ListView containing mvvmFX views

Manuel Mauky edited this page Aug 18, 2015 · 6 revisions

The ListView is a JavaFX component to show a variing number of elements in the UI. By default the ListView contains simple string representations of the list entries. But it's also possible to define a ListView of more complex representations. This is done via the CellFactory of the ListView. This way we can create a ListView that contains mvvmFX Views as list entries.

As an example we can look at our books-example. It has a ListView that shows the found books for a given search string. Each list entry shows the title of the book in a big font and the author name in a smaller font in braces. Each entry is a BookListItemView with this fxml file and the BookListItemViewModel as ViewModel.

In the MainViewModel we have an observable list of BookListItemViewModels instances for each found Book instance. In the MainView there is a ListView that has the generic type of the BookListItemViewModel so we can simply use the setItems method of the ListView and connect it to the viewModels list:

@FXML
private ListView<BookListItemViewModel> bookList;
...
@InjectViewModel
private MainViewModel viewModel;

public void initialize(){
    bookList.setItems(viewModel.booksProperty());
    ...
}

With this setup JavaFX wouldn't know how to display the entries of the ListView. It would simply call the toString() method of BookListItemViewModel and show the result as String. This would result in a list of Strings like de.saxsys.mvvmfx.examples.books.BookListItemViewModel@b64511 which isn't exactly what we are looking for. To fix this we need to tell JavaFX how it should visualize the list entries.

For this purpose we have created some helper classes like the CachedViewModelCellFactory that can be used as CellFactory. The code looks like this:

@FXML
private ListView<BookListItemViewModel> bookList;
...
@InjectViewModel
private MainViewModel viewModel;

public void initialize(){
    bookList.setItems(viewModel.booksProperty());

    ViewListCellFactory<BookListItemViewModel> cellFactory =
        CachedViewModelCellFactory.createForFxmlView(BookListItemView.class));
		
    bookList.setCellFactory(cellFactory);
    ...
}

The createForFxmlView factory method takes the class type of the fxml view as argument. This code will fit for most usecases. Of cause there is also a createForJavaView factory method that is used for Views created with pure Java code without fxml. (Notice: This factory method is introduced in version 1.4.0 of mvvmFX. In previous versions you will have to use the method described below)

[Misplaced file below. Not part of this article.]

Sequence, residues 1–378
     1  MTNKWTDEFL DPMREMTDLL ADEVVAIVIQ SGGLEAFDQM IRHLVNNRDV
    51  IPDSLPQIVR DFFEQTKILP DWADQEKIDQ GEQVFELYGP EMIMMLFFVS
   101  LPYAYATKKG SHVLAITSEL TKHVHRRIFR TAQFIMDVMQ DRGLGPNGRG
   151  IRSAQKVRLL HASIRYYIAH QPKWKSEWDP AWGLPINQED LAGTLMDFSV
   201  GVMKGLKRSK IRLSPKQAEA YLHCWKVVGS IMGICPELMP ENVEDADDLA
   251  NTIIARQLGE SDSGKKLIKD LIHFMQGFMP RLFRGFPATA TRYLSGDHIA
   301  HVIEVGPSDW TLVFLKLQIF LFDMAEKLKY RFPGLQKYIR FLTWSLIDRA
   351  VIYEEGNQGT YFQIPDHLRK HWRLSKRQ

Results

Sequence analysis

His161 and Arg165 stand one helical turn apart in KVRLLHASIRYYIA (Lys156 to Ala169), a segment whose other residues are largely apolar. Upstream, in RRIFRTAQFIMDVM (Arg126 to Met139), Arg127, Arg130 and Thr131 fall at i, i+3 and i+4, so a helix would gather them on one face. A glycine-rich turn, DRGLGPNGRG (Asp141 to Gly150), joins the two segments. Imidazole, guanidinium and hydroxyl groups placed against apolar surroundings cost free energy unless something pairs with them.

If you need more control over the loading process (f.e. providing a custom resourceBundle) you can use the factory method create.

See this example which is basically equivalent to the one above:

ViewListCellFactory<BookListItemViewModel> cellFactory =
        CachedViewModelCellFactory.create(
            vm -> FluentViewLoader.fxmlView(BookListItemView.class).viewModel(vm).load());

This method takes a function as argument. The function has the singature Callback<VM, ViewTuple<V, VM>> where V is the generic type of the View (BookListItemView in our example) and VM is the generic type of the ViewModel (BookListItemViewModel). This means the function takes an instance of a viewModel as argument and returns a ViewTuple. With the .viewModel() method of the FluentViewLoader we are reusing the given viewModel argument for loading the View in the lambda.

The CachedViewModelCellFactory has an internal caching mechanism that is useful because the ListView will call the CellFactory multiple times for the same items. In this case we are only loading the View a single time and return the already loaded instances afterwards.